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Exercises Movements, technique & proper execution

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Old 06-01-2007, 06:04 PM   #1
Seth Hollen
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is it counter productive to build both reps and weight? I mean aren't I focusing on 2 different muscle fiber types?


Is it OK to low rep high weight 1 day then work on high numbers of re pthe net? or should I do a couple weeks of increasing the weight with low reps then a couple weeks of higher reps?

I want to increase my pushup numbers, That is the point of my asking?

I was also wondering if too many squat and leg exercises might be counter productive in increasing my running distances.

take care,
Seth
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Old 06-02-2007, 07:53 AM   #2
Skylar Cook
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You're going to want to work both. Pushups most resemble relatively low weight, high-rep work; however, you don't want to only do those - You'll get benefits from low-rep, heavy weight exercises (I'm assuming you're talking about benching?) as well. But pushups will benefit pushups the most, if that's your main goal.

And no, unless you're on steroids or are putting on a lot of weight, squats and leg work should be beneficial; as long as you continue running (don't stop and just do weight work).

(Message edited by surfreak on June 02, 2007)
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Old 06-02-2007, 11:37 AM   #3
Michael Tong
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I agree with Skylar - you probably want to do both. Also, add in plyo push-ups. It adds a totally new dimension.

As an example, I've been GTGing pull-ups. I've hit 30 DHPUs now, and I will start adding weight. However, just about a week ago, I started mixing in plyo pull-ups. Even though I've been GTGing for months, I was quite sore a day after the plyo pull-ups, which I attributed it to recruiting slightly different muscle fibers.

For push-ups, you could start doing one-armed style or add a weight vest.
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Old 06-03-2007, 10:32 AM   #4
Seth Hollen
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what are plyo-pullups?

I'm up to 7 DHPU and was thinking of adding 10lbs when I am can do 10 DHPU. Too soon??

My Main question is when to do high reps vs. high weight. Would it be counter productive to spend a week doing BP (for example) with max 5 reps, really going for building muscle and on the same days doing pushups to failure.

should I separate those types of workouts? or is it OK to mix it up like that?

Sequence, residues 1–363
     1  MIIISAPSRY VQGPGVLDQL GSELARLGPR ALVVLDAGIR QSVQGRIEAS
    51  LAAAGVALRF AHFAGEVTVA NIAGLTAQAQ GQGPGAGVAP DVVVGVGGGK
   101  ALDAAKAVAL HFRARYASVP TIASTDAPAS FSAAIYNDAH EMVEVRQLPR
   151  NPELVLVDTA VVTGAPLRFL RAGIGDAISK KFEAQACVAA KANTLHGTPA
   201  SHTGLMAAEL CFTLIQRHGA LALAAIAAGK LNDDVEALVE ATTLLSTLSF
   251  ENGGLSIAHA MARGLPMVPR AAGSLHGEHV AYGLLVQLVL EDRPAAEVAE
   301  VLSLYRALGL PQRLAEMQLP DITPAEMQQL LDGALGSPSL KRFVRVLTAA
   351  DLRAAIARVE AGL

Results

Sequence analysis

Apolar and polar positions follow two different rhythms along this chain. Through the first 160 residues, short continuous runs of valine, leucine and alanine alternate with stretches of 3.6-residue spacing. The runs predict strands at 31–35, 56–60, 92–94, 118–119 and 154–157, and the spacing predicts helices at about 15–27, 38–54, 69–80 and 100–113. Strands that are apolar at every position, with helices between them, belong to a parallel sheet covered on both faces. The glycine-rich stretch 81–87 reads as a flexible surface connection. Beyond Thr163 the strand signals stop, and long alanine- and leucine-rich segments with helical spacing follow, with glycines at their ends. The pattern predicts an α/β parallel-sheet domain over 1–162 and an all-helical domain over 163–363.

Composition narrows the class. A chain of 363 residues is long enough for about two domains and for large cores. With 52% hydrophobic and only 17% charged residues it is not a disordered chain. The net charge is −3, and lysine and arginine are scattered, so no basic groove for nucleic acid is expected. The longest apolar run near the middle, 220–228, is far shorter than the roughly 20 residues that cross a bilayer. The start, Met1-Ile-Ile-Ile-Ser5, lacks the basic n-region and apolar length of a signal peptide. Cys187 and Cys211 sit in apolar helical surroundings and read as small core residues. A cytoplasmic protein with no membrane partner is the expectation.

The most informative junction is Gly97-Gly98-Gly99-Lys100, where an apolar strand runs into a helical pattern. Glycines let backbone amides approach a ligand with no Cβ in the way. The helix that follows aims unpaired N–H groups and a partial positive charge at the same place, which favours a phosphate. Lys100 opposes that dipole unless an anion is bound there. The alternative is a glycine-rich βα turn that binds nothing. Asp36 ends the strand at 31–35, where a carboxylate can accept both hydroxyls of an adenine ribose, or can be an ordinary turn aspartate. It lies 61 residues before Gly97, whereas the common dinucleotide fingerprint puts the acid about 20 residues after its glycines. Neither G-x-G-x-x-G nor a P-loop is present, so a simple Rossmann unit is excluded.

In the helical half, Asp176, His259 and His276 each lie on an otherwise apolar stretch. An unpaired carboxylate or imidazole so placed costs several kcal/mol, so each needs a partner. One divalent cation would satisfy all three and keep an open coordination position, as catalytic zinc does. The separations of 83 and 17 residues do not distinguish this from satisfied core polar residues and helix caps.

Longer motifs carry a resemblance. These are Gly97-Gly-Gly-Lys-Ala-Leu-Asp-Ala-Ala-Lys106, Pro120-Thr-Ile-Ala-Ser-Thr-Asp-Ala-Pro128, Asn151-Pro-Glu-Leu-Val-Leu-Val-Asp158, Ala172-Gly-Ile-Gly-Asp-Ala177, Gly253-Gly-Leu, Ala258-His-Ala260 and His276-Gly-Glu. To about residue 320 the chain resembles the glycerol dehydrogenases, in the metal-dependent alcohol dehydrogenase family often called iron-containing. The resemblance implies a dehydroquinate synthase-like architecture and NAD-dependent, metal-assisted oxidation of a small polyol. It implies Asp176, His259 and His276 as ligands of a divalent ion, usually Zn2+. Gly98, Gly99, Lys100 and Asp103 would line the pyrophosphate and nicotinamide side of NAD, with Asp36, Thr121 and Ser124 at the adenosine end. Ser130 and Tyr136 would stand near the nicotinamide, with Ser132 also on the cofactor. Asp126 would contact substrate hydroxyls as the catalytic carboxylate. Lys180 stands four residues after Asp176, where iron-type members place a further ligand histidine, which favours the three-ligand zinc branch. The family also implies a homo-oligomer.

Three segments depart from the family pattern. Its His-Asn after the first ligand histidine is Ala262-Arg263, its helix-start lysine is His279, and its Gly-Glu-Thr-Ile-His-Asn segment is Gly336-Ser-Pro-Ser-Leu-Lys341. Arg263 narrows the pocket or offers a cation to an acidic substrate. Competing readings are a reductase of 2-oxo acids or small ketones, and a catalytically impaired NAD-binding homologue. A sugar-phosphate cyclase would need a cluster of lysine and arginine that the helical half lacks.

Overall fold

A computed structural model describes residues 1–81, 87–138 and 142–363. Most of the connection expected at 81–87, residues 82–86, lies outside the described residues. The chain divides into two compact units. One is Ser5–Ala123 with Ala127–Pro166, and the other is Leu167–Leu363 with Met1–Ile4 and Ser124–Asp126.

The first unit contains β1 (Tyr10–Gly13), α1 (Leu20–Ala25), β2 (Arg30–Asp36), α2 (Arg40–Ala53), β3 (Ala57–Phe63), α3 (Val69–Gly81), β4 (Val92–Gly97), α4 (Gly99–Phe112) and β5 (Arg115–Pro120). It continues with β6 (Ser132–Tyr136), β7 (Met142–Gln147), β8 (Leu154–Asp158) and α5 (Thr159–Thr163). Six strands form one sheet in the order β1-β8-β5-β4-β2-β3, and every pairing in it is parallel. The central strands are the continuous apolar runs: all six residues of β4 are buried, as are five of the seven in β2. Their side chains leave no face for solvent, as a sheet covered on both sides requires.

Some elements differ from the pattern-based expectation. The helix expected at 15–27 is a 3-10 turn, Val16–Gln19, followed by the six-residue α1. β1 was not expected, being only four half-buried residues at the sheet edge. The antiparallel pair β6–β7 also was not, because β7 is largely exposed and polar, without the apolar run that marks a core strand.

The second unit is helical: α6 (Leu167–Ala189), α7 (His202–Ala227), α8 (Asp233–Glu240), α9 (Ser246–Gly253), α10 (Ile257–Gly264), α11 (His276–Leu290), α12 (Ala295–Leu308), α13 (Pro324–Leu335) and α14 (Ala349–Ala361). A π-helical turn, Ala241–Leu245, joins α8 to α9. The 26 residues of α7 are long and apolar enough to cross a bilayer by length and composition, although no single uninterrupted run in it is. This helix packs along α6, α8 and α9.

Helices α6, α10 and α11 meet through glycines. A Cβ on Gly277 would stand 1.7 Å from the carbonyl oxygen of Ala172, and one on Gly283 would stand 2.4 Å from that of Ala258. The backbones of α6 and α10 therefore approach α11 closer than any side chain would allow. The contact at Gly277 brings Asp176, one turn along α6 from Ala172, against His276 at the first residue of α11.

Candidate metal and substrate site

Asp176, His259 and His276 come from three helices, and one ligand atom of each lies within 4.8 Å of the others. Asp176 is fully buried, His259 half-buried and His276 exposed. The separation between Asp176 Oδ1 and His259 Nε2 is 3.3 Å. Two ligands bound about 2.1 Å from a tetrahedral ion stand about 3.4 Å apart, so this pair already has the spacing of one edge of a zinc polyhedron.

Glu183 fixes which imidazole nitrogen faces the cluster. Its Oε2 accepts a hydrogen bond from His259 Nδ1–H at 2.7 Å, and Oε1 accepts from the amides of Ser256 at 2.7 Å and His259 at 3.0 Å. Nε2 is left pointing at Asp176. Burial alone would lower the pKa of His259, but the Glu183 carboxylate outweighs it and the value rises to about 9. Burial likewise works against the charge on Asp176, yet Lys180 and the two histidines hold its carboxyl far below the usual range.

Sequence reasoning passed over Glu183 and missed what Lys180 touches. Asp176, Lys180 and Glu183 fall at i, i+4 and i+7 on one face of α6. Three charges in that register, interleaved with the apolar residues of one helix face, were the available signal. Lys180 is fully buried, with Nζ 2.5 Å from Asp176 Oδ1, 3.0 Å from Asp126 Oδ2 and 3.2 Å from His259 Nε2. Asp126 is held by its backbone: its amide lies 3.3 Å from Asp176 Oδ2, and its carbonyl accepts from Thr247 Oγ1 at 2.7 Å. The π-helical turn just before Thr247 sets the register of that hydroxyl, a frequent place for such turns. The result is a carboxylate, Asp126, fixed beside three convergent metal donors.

Is this just some old bodybuilding myth I'm thinking of?

A few years ago I had good results doing 2 week cycles. 2 weeks of high weights, low reps, and lots of calories. then the next 2 weeks I drooped the calories and up my cardio to cut fat. I had good results but I really don't want to spend as much time as I did then "strategizing"

thanks!
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Old 06-03-2007, 09:33 PM   #5
Steven Low
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+ weight = strength
+ reps = endurance

If you want both do both. If you want one or the other that's where you want to go. The only caveat is that increasing max strength will increase *potential* max endurance BUT not vice versa. You still have to put in the work to hit the higher maximum endurance though.
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Old 06-04-2007, 02:12 PM   #6
Michael Tong
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Seth - you haven't mentioned what you are trying to accomplish. Share that if you need more specific questions answered.

Plyo push-ups: explosive push-ups where your hands come off the floor. You've probably seen clapping push-ups, right? Same idea. Push up with enough explosiveness to come off the floor. Clapping is optional, as it is more for show and more for standardizing the effort of your push-up (i.e. the effort of each rep is at least explosive enough to give you time to clap once).

In general though, you might be over-thinking this. I think you are at a rep range in your pull-ups where if you just continue to add reps, it will increase your strength. I don't know what your magic number will be, but if you get to a rep range of, say, 50, then you might not be adding much strength, just endurance.

I decided to hit 30 PUs first before adding weight because that just felt like a good goal, plus I wanted to be able to do the PU-intensive WODs faster. I still want to get a higher PR on unweighted pull-ups (shooting for 40 next) but I want to experiment with weighted pull-ups now to see how that helps (if at all) my max reps.

Basically, I guess I am saying there is no need to over-think it.
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Old 06-04-2007, 06:47 PM   #7
Steven Low
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Adding reps doesn't increase strength; it will always increase endurance. They are at the opposite ends of the repetition spectrum. It will, however, increase CNS efficiency which will make you stronger at *that* particular exercise, but it will not increase muscular strength that much.

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Old 06-06-2007, 12:04 AM   #8
Seth Hollen
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Thanks everyone.
I noticed recently that my pushup numbers aren't increasing. I hit the wall around 20-30. I can rest a minute and do another set, and another, that part of my endurance has increased.

I'm just trying to decide what's the best way to approach my own workouts.
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